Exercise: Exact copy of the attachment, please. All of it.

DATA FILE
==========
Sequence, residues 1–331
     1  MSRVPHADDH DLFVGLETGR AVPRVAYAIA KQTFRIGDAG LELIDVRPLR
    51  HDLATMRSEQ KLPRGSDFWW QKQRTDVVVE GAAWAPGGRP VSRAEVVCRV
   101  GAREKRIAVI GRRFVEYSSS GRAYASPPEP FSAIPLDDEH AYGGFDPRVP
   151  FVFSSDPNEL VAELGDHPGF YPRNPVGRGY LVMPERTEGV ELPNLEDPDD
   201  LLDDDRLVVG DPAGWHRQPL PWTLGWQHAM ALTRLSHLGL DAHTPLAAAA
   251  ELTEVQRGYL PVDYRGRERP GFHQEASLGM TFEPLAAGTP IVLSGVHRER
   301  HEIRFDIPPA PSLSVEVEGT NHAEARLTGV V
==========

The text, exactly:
Sequence, residues 1–331
     1  MSRVPHADDH DLFVGLETGR AVPRVAYAIA KQTFRIGDAG LELIDVRPLR
    51  HDLATMRSEQ KLPRGSDFWW QKQRTDVVVE GAAWAPGGRP VSRAEVVCRV
   101  GAREKRIAVI GRRFVEYSSS GRAYASPPEP FSAIPLDDEH AYGGFDPRVP
   151  FVFSSDPNEL VAELGDHPGF YPRNPVGRGY LVMPERTEGV ELPNLEDPDD
   201  LLDDDRLVVG DPAGWHRQPL PWTLGWQHAM ALTRLSHLGL DAHTPLAAAA
   251  ELTEVQRGYL PVDYRGRERP GFHQEASLGM TFEPLAAGTP IVLSGVHRER
   301  HEIRFDIPPA PSLSVEVEGT NHAEARLTGV V